Washington State deems all indoor spaces as equally unsafe in the pandemic and unequally essential. We’re 10 months into COVID-19 and the science has evolved. It’s time Washington changed its approach.
As a small town commercial building owner, I spent most of the summer preparing for this moment. Fall would see a third wave and it would be worse than the others. With small businesses and nonprofits as tenants, I saw it as my job to increase building safety. I turned to Washington State Public Health guidance but found it lacking. Everything boiled down to masking, distancing, and social isolating.
Washington State doesn’t have any guidance on reducing COVID-19 aerosols indoors*. Employees think they could take off masks when six feet apart indoors. An asymptomatic, distanced, maskless staffer could fill their indoor space with the COVID-19 virus. — And still be in compliance with Washington’s recommendations.
Washington’s advice didn’t reflect the recommendations for risk-reduction of airborne, indoors COVID-19. Respected virologists, ventilation experts, and public health experts recommended a more comprehensive pandemic defense. Yes, mask, distance, and limit social contact — these are foundational, but not enough. Experts around the world say we can reduce risk via ventilation and air filtration. Instead of Washington Public Health, I turned to Harvard’s Chan School of Public Health for guidance on how to reduce COVID-19 risk in my buildings.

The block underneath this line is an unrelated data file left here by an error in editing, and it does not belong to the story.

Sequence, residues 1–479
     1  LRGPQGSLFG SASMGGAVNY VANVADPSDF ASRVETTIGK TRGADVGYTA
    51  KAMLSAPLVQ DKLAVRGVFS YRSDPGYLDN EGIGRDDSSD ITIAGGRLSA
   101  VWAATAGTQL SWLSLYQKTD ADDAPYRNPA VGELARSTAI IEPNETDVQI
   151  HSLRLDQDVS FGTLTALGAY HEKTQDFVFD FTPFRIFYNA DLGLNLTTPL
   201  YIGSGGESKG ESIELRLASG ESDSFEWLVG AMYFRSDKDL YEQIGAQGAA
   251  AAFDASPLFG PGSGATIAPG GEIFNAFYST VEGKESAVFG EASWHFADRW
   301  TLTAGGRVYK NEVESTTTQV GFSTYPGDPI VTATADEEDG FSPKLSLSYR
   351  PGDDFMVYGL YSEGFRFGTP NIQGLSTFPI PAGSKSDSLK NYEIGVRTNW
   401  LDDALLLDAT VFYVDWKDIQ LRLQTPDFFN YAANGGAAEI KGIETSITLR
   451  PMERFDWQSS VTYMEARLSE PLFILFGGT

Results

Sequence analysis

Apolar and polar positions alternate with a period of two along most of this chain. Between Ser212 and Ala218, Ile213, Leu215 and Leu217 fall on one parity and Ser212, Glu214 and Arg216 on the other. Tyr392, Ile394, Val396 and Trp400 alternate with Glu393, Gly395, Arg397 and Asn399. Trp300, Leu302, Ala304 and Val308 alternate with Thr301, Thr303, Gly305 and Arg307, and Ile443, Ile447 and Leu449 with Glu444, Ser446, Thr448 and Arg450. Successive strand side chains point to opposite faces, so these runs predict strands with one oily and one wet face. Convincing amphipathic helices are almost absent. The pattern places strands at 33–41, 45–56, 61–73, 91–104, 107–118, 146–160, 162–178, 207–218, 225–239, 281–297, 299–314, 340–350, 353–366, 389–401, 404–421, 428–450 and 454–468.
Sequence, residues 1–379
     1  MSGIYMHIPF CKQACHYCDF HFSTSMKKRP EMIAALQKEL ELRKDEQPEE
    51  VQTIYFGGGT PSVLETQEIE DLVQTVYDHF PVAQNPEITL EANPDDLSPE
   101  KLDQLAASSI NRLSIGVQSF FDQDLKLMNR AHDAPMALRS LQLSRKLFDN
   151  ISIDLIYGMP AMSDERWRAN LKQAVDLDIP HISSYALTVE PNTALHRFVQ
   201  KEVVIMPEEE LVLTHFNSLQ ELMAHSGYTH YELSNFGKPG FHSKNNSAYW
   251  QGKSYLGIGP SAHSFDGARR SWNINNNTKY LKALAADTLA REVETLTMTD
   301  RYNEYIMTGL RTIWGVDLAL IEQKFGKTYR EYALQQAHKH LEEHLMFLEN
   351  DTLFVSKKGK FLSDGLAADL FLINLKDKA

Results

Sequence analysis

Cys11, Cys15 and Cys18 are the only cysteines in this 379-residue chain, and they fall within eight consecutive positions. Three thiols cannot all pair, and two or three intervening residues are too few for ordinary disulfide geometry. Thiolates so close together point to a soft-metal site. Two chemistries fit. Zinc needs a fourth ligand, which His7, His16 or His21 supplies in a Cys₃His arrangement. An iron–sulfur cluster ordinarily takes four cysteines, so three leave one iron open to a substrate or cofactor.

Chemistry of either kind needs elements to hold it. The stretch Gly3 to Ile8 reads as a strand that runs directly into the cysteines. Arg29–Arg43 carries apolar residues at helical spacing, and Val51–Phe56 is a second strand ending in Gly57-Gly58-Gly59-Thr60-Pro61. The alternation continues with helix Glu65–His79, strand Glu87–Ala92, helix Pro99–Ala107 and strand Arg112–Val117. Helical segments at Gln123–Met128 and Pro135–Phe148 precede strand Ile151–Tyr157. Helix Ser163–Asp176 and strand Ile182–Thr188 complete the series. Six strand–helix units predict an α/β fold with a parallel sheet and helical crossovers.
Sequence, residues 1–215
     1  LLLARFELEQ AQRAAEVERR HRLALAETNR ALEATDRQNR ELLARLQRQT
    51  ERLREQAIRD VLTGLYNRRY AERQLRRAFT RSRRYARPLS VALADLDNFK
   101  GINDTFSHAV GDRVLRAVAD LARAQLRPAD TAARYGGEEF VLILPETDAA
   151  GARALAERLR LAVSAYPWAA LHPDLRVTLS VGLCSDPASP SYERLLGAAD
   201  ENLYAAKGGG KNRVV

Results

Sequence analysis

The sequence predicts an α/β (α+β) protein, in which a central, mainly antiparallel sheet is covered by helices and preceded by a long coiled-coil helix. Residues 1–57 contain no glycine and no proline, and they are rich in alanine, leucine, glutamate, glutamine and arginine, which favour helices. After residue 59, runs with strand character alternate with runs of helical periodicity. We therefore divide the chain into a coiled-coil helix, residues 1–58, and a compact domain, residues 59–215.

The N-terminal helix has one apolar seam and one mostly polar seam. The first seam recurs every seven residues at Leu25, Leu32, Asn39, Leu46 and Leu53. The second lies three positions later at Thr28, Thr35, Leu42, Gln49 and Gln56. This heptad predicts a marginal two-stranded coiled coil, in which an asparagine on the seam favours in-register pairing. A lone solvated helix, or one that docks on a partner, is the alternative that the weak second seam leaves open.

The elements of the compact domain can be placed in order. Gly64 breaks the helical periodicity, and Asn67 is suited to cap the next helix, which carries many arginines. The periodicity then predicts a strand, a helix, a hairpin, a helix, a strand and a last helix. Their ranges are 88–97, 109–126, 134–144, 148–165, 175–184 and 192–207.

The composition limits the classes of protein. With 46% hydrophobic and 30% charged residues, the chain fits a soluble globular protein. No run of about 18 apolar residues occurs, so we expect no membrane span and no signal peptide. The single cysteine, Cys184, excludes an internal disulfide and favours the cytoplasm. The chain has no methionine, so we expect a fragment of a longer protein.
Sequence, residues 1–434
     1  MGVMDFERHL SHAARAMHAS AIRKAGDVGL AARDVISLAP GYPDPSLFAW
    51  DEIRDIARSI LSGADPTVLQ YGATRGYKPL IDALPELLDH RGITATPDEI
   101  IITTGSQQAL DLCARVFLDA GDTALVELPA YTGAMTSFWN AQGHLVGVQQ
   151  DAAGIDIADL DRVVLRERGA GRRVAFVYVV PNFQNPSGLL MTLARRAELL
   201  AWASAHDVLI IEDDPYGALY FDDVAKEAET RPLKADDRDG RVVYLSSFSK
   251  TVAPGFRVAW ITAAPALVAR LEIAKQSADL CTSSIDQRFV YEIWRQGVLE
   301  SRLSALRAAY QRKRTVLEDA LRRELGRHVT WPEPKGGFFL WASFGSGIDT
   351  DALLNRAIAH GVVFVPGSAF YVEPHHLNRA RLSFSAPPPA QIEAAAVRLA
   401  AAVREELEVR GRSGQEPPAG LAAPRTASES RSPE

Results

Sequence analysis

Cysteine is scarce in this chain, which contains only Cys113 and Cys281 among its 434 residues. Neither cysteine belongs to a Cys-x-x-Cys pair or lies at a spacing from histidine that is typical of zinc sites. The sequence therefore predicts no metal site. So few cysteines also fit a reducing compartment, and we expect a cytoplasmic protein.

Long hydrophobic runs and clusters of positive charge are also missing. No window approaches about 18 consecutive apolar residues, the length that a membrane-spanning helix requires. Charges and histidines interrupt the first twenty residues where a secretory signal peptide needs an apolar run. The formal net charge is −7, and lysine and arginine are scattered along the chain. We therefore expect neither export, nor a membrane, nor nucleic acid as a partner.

Here’s what I learned from experts like Harvard’s Chan School of Public Health:
- Use a layered approach to protections, in addition to masks and distancing
- Consistent use of masks reduces airborne COVID-19 by up to 50%
- Inexpensive, portable HEPA air purifiers can reduce airborne COVID-19 an additional 25%
- Ventilation is key. Install windows or improve ventilation systems. This further reduces risk by 10 to 15%
- Indoor CO2 levels correlate to potential airborne COVID-19 levels. By keeping indoor CO2 levels under 600 parts per million, indoor spaces can drive down risk. How? Use a CO2 monitor and open windows when CO2 levels rise…